Concrete is not the first material usually considered when exploring space. Nor is it the focus of many cutting-edge research. The most common building materials have been used by mankind for thousands of years. Surprisingly, however, little is known about some of its properties due to the limitations of the environment in which it can be tested. Now this most ubiquitous material is tested in a new environment, the microgravity on board the International Space Station. Space station.
In this experiment, part of the “Cosmic Kiss” mission, German astronaut Matthias Maurer used a specially designed mixer smaller than the size of a hand and a huge inflatable bag to hand concrete with microgravity. Mix. It obviously doesn’t make much of a concrete thing, but its properties are especially communicated to scientists.
Earth’s gravity plays a major role in the concrete curing process. The process can take weeks or months, so it is impossible to eliminate the effects of gravity anywhere on Earth during that time. Therefore, the experiment mounted on the ISS.
The results of this study can lead to everything from more effective mixing strategies to better combinations of materials. But the real long-term interest may be in building space habitats using concrete analogs.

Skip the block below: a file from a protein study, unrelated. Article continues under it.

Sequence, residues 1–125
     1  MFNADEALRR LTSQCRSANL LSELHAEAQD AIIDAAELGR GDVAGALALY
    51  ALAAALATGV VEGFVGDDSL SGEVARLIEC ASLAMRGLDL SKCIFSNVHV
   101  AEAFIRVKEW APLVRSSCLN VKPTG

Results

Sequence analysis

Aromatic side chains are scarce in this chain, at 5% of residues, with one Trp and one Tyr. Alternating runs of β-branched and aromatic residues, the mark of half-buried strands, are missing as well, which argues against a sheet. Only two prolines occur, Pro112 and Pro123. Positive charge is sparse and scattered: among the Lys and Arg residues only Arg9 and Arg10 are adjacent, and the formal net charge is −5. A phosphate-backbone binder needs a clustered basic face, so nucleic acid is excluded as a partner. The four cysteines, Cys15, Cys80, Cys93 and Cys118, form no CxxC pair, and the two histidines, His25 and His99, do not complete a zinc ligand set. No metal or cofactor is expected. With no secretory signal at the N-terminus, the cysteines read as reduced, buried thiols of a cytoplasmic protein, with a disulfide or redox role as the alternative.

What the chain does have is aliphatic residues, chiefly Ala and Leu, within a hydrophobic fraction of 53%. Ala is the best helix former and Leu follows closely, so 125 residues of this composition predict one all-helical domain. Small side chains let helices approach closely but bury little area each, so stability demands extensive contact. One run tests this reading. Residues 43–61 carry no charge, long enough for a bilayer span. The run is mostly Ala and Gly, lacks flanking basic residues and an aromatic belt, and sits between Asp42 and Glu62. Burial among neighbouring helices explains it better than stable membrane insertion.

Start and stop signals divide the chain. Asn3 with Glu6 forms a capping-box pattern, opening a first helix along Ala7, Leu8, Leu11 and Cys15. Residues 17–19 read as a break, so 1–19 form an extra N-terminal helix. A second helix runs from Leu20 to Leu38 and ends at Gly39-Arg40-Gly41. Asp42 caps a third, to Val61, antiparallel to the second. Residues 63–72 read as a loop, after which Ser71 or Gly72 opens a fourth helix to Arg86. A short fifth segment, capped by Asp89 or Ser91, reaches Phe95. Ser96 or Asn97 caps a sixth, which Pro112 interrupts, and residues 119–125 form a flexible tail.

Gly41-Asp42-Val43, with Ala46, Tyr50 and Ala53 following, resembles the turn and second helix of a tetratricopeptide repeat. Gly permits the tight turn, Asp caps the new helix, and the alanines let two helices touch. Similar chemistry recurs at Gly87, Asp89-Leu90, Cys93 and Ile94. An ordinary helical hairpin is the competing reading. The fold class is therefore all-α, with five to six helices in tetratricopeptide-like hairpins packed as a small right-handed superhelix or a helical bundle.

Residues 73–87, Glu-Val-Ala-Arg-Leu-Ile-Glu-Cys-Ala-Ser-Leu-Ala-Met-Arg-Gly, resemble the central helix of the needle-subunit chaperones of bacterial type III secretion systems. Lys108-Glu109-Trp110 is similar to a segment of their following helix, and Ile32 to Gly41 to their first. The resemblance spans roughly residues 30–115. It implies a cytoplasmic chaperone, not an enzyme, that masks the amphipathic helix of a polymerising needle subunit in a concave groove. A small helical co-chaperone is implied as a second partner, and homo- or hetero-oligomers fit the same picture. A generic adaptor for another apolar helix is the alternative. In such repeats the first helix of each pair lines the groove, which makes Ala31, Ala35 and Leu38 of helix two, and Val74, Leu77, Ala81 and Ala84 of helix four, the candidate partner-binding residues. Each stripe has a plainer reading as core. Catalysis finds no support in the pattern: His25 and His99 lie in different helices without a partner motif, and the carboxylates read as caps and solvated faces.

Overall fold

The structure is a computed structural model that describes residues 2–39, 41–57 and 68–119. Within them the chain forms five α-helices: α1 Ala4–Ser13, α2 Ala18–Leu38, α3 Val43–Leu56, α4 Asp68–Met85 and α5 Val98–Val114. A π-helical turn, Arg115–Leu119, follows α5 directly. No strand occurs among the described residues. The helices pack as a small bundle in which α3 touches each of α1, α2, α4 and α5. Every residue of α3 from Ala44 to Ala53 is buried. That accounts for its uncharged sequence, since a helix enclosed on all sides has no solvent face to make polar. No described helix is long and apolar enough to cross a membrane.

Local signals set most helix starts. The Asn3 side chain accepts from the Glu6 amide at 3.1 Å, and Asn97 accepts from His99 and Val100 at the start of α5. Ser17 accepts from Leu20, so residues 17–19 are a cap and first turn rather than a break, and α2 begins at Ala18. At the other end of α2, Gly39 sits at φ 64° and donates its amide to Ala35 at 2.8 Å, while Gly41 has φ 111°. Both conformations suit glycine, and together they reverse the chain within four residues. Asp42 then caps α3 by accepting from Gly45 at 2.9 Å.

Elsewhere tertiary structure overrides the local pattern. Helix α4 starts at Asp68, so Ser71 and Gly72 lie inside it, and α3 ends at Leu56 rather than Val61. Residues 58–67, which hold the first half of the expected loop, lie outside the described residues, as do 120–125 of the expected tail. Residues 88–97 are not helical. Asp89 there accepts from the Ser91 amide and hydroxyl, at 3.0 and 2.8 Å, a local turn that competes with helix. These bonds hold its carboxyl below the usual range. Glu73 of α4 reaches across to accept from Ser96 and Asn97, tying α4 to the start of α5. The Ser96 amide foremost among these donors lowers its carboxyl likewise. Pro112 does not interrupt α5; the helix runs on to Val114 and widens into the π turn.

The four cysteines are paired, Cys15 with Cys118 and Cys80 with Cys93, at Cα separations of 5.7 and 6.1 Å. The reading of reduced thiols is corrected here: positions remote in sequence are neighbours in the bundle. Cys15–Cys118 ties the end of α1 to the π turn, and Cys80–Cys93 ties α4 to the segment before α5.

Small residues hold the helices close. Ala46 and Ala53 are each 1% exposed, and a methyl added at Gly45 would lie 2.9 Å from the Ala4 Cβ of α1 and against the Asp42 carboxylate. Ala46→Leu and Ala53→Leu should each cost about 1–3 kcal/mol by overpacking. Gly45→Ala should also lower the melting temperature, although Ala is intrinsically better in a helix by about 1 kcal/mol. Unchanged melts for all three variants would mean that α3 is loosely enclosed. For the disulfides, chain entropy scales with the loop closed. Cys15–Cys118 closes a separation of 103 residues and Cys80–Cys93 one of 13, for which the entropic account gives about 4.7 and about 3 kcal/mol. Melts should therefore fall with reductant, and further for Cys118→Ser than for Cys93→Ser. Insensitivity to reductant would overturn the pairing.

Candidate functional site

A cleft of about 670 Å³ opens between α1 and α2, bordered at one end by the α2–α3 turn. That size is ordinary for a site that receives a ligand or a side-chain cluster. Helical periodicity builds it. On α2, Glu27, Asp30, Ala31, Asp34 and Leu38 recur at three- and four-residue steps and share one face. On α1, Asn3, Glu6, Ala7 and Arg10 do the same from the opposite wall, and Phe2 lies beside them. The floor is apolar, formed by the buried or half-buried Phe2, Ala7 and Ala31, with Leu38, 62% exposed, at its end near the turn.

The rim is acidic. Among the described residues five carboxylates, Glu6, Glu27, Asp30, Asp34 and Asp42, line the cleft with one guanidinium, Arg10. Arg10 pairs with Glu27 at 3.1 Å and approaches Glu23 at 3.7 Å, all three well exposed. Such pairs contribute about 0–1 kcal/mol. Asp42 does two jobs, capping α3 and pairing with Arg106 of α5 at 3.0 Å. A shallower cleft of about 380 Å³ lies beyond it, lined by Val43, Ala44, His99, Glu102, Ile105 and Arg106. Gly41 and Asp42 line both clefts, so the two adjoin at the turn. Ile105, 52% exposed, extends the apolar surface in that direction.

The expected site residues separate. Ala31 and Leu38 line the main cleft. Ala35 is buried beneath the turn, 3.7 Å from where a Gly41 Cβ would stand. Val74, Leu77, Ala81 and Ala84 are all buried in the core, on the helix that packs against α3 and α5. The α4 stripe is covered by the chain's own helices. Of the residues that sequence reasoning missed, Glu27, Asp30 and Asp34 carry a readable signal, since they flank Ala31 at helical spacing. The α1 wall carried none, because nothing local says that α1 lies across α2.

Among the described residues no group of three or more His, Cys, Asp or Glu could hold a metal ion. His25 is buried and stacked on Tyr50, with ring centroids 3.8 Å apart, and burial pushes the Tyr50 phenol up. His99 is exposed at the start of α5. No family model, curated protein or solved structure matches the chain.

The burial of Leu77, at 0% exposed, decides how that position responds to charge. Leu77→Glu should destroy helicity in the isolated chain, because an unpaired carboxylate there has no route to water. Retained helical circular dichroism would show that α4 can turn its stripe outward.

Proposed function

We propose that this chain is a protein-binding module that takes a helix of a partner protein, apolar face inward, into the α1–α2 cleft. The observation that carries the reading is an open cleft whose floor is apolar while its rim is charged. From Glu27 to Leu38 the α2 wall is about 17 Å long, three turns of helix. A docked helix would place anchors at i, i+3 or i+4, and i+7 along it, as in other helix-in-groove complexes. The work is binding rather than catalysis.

The main concrete components are not always available on Mars and the Moon, but materials with concrete-like properties help build space habitats. In the Cosmic Kiss experiment, a lunar simulated material was used as a raw material for concrete, and the material was used to create a new material. SkyA brand based on hardened materials.
This is not the first time this experiment has been performed. NASA experimented with concrete in 2019. The results provided information for the current test, using information on strength and cure time taken into account in the design of the new experiment.
It’s still unclear if new experiments will bring such dramatic results, but at least scientists will mess up some new and novel data. And the inhabitants of the ISS may have floating balls of synthetic rock for some time.
Quote: How well does concrete work in space? (February 16, 2022) February 16, 2022 Obtained from https://phys.org/news/2022-02-concrete-space.html
This document is subject to copyright. No part may be reproduced without written permission, except for fair transactions for personal investigation or research purposes. Content is provided for informational purposes only.
How well does concrete work in space?
Source link How well does concrete work in space?